Following the discovery, Adler founded a project to conserve the species and set up a primate rescue center at the park with support from the Frankfurt Zoological Society.

A year later, his wife, Gudrun Adler, was shot by poachers when she was working near the cave. Although the bullet did not threaten her life, it took many days to get her hearing ability back, Adler said.

Vietnamese authorities tried to track down the culprits but did not succeed, the German zoologist said, adding that he thought the poachers wanted to threaten them so they would stop protecting the doucs.

However, the shooting did not discourage Adler. In fact, he even convinced his friend Tilo Nadler to come to work in Vietnam, and Nadler now is the director of the national park's Endangered Primate Rescue Center.

For his contributions, Adler was honored by the Vietnam Union of Friendship Organizations with a medal for "peace and friendship between peoples."

The gifts

Adler said he first came to Vietnam in 1986, when he accompanied animals that the Leipzig Zoo, where he was working, gifted to Ho Chi Minh City's zoo. Previously, Vietnam's authorities had given elephants to the German zoo.

They traveled by sea then, and each trip took them one and half month, so both Adler and the animals were seasick, he recalled.

It took Adler four years to deliver all the animals, including zebras, giraffes, lions, and orangutans to their new home.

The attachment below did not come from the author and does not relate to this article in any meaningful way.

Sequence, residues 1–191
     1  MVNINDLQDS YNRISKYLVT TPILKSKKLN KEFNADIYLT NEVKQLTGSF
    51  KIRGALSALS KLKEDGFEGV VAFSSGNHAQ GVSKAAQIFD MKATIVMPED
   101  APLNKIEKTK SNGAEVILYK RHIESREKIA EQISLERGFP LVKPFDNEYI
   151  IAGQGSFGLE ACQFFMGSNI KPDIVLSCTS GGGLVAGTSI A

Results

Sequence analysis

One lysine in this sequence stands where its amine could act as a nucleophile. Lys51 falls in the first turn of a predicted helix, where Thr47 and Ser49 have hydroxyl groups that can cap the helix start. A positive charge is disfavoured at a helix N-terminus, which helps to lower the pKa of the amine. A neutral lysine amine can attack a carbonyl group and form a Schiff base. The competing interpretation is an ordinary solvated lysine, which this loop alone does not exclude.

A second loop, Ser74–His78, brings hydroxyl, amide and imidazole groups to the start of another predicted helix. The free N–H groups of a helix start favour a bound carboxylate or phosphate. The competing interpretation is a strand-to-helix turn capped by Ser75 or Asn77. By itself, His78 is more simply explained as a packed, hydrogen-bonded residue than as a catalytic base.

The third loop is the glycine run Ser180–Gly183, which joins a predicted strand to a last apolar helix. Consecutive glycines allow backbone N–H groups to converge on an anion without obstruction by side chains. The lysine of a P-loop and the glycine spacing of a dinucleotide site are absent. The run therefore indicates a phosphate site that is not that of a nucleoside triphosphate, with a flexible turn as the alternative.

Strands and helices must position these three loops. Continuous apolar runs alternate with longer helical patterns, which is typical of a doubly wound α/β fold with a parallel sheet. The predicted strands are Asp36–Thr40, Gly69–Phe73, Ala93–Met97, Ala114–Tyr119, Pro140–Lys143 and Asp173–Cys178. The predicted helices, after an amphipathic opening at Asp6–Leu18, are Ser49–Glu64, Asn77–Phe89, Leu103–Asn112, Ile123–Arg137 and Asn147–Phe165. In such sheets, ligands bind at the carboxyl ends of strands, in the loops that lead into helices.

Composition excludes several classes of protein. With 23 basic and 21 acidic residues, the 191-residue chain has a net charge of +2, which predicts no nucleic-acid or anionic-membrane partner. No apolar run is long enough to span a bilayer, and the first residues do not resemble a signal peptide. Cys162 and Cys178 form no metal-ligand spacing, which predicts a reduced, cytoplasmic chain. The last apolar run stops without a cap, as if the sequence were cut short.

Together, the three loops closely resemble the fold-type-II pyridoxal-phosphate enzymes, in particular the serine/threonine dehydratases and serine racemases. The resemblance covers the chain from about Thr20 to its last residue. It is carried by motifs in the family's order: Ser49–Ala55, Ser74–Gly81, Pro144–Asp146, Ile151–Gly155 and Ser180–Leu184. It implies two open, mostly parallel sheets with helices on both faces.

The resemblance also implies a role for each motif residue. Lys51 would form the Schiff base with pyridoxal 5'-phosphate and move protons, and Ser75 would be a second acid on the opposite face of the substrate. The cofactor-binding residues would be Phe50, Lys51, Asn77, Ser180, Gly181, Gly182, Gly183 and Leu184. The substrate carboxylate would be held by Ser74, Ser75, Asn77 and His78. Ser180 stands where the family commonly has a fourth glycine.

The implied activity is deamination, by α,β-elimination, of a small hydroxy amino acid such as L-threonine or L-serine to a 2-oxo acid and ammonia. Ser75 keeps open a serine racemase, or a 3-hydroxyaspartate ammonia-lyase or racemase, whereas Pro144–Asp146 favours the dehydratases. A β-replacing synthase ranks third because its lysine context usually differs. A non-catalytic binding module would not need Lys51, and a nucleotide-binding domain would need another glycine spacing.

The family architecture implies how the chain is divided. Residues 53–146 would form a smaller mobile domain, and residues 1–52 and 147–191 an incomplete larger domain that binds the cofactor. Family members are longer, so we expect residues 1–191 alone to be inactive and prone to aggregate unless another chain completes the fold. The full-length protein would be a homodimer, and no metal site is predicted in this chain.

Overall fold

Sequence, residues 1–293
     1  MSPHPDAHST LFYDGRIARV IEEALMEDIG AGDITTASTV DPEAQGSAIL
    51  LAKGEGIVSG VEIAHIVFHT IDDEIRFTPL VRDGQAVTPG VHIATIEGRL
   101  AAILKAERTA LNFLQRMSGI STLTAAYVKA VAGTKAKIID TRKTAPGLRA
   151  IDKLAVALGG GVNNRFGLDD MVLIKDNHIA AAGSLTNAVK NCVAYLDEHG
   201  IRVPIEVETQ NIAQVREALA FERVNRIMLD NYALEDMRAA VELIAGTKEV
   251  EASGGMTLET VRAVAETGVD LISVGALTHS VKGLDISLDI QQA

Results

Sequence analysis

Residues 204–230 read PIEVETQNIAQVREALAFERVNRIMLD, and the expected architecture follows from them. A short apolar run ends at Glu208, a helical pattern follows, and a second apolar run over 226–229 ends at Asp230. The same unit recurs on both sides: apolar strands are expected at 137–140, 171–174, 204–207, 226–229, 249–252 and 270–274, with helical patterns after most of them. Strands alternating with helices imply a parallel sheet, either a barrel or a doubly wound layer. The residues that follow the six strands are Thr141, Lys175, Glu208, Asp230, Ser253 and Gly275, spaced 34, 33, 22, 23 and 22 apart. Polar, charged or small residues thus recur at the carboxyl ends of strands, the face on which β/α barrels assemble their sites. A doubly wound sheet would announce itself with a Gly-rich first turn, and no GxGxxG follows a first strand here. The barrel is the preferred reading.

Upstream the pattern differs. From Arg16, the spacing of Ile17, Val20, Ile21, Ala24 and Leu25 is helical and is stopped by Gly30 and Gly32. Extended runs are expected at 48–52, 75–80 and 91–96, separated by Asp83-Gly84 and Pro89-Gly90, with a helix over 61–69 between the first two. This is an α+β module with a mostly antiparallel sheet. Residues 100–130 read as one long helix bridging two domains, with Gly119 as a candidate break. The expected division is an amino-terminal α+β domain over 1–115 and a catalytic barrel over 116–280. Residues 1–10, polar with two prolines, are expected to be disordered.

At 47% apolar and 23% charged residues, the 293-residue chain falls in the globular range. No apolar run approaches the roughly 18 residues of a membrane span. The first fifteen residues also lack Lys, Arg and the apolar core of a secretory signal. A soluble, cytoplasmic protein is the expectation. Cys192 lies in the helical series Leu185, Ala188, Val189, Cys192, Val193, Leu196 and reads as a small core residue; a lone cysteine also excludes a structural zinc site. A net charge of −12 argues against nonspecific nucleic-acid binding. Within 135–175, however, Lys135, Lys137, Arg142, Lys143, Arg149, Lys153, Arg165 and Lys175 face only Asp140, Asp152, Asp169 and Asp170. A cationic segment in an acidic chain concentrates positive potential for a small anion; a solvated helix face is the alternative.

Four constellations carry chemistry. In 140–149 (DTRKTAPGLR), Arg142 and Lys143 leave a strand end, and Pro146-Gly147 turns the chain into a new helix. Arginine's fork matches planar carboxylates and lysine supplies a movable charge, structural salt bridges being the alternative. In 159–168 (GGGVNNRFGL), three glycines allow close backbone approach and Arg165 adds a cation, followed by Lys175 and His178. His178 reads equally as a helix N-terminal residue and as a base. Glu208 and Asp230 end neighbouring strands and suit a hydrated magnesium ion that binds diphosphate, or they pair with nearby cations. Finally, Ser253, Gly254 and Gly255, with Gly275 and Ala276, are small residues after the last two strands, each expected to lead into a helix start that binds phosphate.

Among all the trips, he can never forget the one in which one of his colleagues accidentally let a lion escape from its cage and run to the deck. Everyone was frightened, and all they could do was close the door of the hold to protect themselves from the roaring animal.

Adler then called the Leipzig Zoo for help and was instructed to drug the lion with anesthetic. All by himself, he faced the animal and induced it to eat a piece of drugged meat.

"I thought my situation at that time was rather similar to Pi in the movie Life of Pi. But, I was much luckier than him because I, the animals and all of my colleagues survived it."

During those early trips to Vietnam at that time, Adler brought along boxes of cacao powder, glutamate, soaps and other necessities as gifts for his Vietnamese friends. Another item that he added after the first trip was apples, after seeing how much his friends loved the fruit, then rare in the country. He gave out apples to his friends, the zoo's staff, visitors and especially children at nearby kindergartens.

Adler also took part in training staff members for zoos in HCMC and Hanoi.

Ha Dinh Duc, a Hanoi-based associate professor who worked with Adler at the Cuc Phuong National Park, said his German friend once told him that he "learned a lot" from Vietnamese people when working with them.

Adler told Duc that the way Vietnamese showed their respect and love for their parents encouraged him to visit his parents in Leipzig City more frequently, and later, to take his father to live near his home in Münster City and care for him when he had fallen sick.

Although he is now based in Germany, Adler's bonds with Vietnam will never be broken. His house in Münster has full of memorabilia collected during his numerous trips here.

He even has a cassette tape with the recording of a phở street vendor calling out for customers at night in Hanoi during the 1990s.

"It is the most melodious sound I have ever heard in my life," Adler said.